Choose your reading pseudonym





I don’t know about you, but the minute everyone’s raving about a certain book, I automatically don’t want to read it. This doesn’t apply, of course, to the books recommended by my sparkling co-bloggers, but it certainly does to the general book-marketing machine. It’s a combination of snobbery and not wanting to be sucked in by hype.

But of course that means you miss things you really would like, as  Dan Piepering says  in The Paris Review:

we deny authors who would clearly suit us, and seek out those who will almost certainly disappoint us, all in the name of eclecticism. And soon enough, it seems that what passes as taste is an arbitrary extension of our insecurities and neuroses… the best thing to do would be to start over, bringing no preconceptions at all into our lives as readers.

Start all over? Well, writers use pseudonyms, Gert has been told, so why not follow this Dada advice and chose a reading pseudonym?

 Yes, reader, take a reading pseudonym; you will be astonished how interesting it will become without the intellectual baggage of whatever-your-name-is. *

Artemisia Coldicutt? Pierre Schnitzel? Sassy Pfeiffer?  Or perhaps a random graffiti tag  – Murgo? Weeds?

Or maybe you could have different ones for different genres:  a cold-eyed, rat-trap-mind one for reading crime, a benign philosophical one for reading the Great Works, a rollicking saucy one for reading Fifty Shades of Grey and its clones.

What reading pseudonym(s) do you fancy for yourself?

334172030@N00/29746162, 62586117@N05/15532866091,   22507788@N03/6047664493, 16391511@N00/8411930810, 25053835@N03/2536711008, 39997856@N03/855581278556141021@N04/16067809883


*Andrei Codrescu, The Posthuman Dada Guide  (Princeton University Press 2009) p. 61.


18 thoughts on “Choose your reading pseudonym

  1. Dunno. We can’t read them all and sometimes how books are marketed puts me off–which probably isn’t fair. But as we continue to read and continue to age, I would hope that we hone our instincts regarding certain books.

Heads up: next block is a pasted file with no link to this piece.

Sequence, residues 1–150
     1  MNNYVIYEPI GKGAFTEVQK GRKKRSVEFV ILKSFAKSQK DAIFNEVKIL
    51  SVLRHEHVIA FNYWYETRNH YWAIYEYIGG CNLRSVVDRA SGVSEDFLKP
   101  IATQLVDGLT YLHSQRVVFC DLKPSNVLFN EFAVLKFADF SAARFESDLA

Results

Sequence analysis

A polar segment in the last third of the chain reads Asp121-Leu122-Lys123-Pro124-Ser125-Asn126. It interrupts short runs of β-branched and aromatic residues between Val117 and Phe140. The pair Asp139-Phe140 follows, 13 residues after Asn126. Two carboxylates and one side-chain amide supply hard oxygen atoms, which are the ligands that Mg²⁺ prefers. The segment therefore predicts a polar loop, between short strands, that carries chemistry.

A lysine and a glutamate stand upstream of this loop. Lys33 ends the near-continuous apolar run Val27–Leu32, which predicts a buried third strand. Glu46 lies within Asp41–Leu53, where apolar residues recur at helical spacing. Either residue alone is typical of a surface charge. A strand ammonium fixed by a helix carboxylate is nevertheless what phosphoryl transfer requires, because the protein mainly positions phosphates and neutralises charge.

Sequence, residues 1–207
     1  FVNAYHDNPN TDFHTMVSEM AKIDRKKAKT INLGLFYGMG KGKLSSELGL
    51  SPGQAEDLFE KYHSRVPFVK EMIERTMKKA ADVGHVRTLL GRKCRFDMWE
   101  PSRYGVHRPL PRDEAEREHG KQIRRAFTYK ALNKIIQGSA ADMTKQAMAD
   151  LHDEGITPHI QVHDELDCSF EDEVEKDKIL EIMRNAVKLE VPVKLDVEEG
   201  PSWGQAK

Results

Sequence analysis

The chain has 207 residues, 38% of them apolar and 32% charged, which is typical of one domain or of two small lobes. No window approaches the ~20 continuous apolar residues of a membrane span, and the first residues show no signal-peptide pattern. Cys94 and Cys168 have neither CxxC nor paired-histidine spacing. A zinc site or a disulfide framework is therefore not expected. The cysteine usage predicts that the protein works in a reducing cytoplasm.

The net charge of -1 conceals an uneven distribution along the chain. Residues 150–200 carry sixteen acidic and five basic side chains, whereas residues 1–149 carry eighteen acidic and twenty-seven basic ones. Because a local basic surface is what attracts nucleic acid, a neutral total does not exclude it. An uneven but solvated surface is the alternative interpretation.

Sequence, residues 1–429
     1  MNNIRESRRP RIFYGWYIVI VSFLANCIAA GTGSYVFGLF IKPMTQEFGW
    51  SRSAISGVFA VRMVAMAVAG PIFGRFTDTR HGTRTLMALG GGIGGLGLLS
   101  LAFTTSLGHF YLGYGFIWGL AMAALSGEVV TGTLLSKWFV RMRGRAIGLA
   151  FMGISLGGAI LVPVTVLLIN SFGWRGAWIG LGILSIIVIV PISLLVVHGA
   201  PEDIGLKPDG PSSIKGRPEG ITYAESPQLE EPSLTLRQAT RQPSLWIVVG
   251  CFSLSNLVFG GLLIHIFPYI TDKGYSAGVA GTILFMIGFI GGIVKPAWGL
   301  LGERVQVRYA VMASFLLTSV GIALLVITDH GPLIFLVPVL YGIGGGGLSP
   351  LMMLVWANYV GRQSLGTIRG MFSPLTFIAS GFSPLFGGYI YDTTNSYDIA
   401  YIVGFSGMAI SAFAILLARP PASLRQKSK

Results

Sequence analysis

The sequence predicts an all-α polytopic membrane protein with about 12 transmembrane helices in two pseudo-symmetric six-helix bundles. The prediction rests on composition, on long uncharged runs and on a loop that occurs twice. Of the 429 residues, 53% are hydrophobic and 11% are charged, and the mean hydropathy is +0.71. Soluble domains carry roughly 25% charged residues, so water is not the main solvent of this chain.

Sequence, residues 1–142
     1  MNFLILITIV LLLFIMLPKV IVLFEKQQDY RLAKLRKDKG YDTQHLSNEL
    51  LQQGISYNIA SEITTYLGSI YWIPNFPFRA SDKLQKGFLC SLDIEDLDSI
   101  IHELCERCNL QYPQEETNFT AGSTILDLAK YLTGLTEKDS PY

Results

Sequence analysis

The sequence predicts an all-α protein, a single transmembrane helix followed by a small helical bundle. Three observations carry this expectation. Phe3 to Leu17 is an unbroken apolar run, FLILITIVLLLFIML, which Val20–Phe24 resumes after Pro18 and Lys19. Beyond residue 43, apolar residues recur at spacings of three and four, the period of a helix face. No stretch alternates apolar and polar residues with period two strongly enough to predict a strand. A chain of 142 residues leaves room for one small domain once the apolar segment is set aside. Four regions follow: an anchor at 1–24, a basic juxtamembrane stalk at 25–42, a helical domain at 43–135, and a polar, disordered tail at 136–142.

War Crimes for the Home is yours if you want it. Shoot me an e-mail.

    1. You’re right, it ends up being a question of instinct. Gert has the unfortunate tendency though of “taking a set on” someone as our mother would have said. Then neither heaven nor hell can make us read him/her. You’re probably more mellow.
      Yes, please, would love War Crimes.

      1. re: the author’s article, I’ll compare it to food. Some of us refuse to try sushi let’s say,( I’m vegan so I wouldn’t go near it anyway). But taking that example of sushi, person A loves it and swears person B would love it too if they just gave it a go, but person B will not be persuaded. Person A says person B doesn’t know what they are missing. Person B doesn’t care. Seems like the same sort of scenario.

        I didn’t think I’d be interested in Pratchett btw until persuaded to try the first Discworld book. I was surprised by how much I liked it, but I haven’t continued with the series.

        Didn’t think I’d like Chuck Palahnick’s work. Tried it. I was right. So instincts are sometimes correct.

        1. Hmmm….but what if someone told you a food was really good for you and you discovered it was full of fat and sugar? That can be the case with hyped books.

          But there’s plenty of good stuff to read that you’ve never even heard about (hurray for book blogs) and you can certainly go in directions that are new and challenging just by going along those tracks.

  2. Great idea, Gert. I’ll give it some thought.

    Vis-a-vis Terry Pratchett — some of his non-Discworld books get political and messaged, or the satire is very broad. Small Gods, in DiscWorld, is still one of my favorite books.

    1. I’ve never read Pratchett – did enjoy a TV version of part of Discworld but didn’t feel the need for any more. Sometimes when there’s a lot, you feel a bit jaded before you even start.

  3. Ok fresh with the dawn, I have two possible names.
    Helen Back (pinched from The Young Ones)
    and this one:
    R.U. Nicholas (which must be derived from reading War Crimes for the Home)

  4. I think I would go for the name “Lorraine Big Canoe”. If you’re going to have a canoe it’s kind of nice to have a big one.

  5. I’d like to try as my pseudonym the title of a book, ‘Vegan Vampires’, which happens to have been written by my current publisher. As a reader’s name, it seems to cover a lot of bases and is appropriately physical (chomp chomp?)

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